Though Mister Boomer could uncover no corroborating evidence, it seems logical to him that school start times were based on when parents of a particular region felt they could get their children to school. Consequently, the average start time has not changed much since the 1930s.

Contrary to the sitcoms of the boomer era, the majority of fathers in the country worked in manufacturing jobs in the 1950s and ’60s. Work start times were 7 a.m. or earlier, so dads would often be gone before the children got out of bed. Nonetheless, it was considered a woman’s job to get the kids off to school. Since it was also the woman’s job to get her husband a breakfast before he went off to work, presumably she would have time when her husband walked out the door to wake the kids, prepare their breakfast and see them off to school between 7:00 and 7:30 a.m. At least this train of thought fits Mister Boomer’s experience, and every family of the kids he knew at the time.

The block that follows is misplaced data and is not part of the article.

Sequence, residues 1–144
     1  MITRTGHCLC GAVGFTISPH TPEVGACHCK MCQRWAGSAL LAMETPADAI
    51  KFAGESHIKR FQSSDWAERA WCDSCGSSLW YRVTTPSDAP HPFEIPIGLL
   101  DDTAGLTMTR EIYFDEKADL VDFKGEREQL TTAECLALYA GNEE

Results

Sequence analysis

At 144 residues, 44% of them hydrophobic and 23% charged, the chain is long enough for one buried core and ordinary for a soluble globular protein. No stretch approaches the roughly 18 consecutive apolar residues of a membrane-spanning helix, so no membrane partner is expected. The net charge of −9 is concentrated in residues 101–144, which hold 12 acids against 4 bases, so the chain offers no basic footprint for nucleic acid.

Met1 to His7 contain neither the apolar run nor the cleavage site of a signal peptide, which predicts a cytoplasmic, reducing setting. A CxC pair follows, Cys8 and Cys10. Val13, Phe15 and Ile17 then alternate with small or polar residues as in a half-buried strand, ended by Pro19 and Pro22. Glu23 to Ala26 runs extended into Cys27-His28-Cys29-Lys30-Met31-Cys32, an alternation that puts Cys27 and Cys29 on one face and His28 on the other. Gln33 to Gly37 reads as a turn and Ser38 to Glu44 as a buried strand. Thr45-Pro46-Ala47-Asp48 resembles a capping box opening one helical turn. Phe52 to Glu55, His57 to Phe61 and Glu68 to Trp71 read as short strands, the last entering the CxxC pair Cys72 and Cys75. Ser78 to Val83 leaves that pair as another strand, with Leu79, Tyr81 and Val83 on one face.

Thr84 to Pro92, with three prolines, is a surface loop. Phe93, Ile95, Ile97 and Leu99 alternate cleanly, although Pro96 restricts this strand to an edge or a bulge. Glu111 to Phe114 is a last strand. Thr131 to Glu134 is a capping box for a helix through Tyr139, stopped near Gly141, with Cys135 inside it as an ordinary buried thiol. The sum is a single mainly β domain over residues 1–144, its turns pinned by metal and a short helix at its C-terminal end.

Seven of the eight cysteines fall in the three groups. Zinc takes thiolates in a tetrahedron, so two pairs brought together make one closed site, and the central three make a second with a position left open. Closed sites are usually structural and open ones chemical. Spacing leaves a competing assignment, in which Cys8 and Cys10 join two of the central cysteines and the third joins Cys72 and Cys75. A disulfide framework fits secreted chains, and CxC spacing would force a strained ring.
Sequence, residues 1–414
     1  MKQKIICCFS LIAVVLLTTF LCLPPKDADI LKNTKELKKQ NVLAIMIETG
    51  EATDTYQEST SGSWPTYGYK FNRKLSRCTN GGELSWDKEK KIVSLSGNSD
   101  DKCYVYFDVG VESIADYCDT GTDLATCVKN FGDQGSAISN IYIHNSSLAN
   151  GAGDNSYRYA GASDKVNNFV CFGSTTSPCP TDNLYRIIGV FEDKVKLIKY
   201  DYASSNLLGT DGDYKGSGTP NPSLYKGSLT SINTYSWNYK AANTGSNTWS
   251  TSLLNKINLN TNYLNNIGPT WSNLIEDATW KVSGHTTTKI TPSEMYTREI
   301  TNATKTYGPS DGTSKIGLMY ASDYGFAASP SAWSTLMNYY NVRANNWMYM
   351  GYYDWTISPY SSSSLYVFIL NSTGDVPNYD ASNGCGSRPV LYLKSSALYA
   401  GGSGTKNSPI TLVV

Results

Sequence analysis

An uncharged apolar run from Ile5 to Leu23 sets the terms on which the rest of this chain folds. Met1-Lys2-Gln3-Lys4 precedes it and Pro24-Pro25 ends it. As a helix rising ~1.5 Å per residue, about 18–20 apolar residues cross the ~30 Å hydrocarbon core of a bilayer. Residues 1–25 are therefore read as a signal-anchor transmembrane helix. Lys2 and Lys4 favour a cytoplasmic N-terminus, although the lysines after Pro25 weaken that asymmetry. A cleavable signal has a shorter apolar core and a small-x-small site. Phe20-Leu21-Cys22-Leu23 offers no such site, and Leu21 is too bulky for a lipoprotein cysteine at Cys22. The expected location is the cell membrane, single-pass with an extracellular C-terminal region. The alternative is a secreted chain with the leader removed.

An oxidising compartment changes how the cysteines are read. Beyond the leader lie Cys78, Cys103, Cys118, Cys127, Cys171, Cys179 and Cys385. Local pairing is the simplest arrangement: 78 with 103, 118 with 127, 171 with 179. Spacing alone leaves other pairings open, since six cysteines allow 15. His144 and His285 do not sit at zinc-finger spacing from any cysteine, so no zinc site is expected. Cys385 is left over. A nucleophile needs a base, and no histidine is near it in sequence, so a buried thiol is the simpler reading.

Of course, by the very early sixties, his mother revolted and refused to get up to cook Mister B’s father a breakfast. Soon after, she announced she wasn’t getting up to see her kids off to school, either. No matter to Mister Boomer and his siblings, as they ate a bowl of cereal (and later, Carnation Instant Breakfast and Pop Tarts) and learned to pack their own lunches before walking two miles in a snowstorm to get to school before the 8 a.m. start time. But we digress.

Several scientific experts are stating that kids need at least 8 hours of sleep, and later start times in some counties is supporting evidence that students are more alert, ready to learn, and are more productive. Coaches are saying they notice the later start times are contributing to better performance in sports as well.

Then again, there is a report that says two out of every three teens get less than the recommended eight hours of sleep. Of course, the question immediately arises that, if kids need eight hours of sleep, why aren’t they going to bed earlier? Mister Boomer recalls an expanding bedtime schedule as he grew; in his younger years, it was 9 p.m. but by the time he was a teen, he often stayed up to 10:30 or 11 p.m. Since his alarm went off at 7 a.m., presumably he and his siblings got the requisite eight hours. That was then. Nowadays, kids have so many more distractions than boomers did, first among them the smart phone. There is one report that says on average kids spend the first hour when they go to bed on their phones, texting, watching videos and updating social media posts.